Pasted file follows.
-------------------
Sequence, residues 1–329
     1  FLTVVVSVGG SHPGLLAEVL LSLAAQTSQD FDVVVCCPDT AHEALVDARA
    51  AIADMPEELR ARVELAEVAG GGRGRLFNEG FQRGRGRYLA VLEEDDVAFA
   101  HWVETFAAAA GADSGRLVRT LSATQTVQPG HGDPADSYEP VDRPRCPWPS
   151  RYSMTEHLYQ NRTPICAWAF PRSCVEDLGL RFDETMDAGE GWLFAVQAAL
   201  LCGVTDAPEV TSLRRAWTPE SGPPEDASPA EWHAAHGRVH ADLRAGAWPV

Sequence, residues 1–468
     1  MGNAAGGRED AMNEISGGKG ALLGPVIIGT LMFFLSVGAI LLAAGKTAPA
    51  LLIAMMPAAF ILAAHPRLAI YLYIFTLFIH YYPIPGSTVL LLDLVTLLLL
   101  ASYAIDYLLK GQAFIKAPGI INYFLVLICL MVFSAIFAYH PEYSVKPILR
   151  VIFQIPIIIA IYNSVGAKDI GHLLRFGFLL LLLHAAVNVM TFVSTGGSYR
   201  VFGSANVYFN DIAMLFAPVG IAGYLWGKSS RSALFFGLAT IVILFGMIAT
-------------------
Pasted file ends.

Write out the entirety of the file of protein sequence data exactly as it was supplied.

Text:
Sequence, residues 1–329
     1  FLTVVVSVGG SHPGLLAEVL LSLAAQTSQD FDVVVCCPDT AHEALVDARA
    51  AIADMPEELR ARVELAEVAG GGRGRLFNEG FQRGRGRYLA VLEEDDVAFA
   101  HWVETFAAAA GADSGRLVRT LSATQTVQPG HGDPADSYEP VDRPRCPWPS
   151  RYSMTEHLYQ NRTPICAWAF PRSCVEDLGL RFDETMDAGE GWLFAVQAAL
   201  LCGVTDAPEV TSLRRAWTPE SGPPEDASPA EWHAAHGRVH ADLRAGAWPV

Sequence, residues 1–468
     1  MGNAAGGRED AMNEISGGKG ALLGPVIIGT LMFFLSVGAI LLAAGKTAPA
    51  LLIAMMPAAF ILAAHPRLAI YLYIFTLFIH YYPIPGSTVL LLDLVTLLLL
   101  ASYAIDYLLK GQAFIKAPGI INYFLVLICL MVFSAIFAYH PEYSVKPILR
   151  VIFQIPIIIA IYNSVGAKDI GHLLRFGFLL LLLHAAVNVM TFVSTGGSYR
   201  VFGSANVYFN DIAMLFAPVG IAGYLWGKSS RSALFFGLAT IVILFGMIAT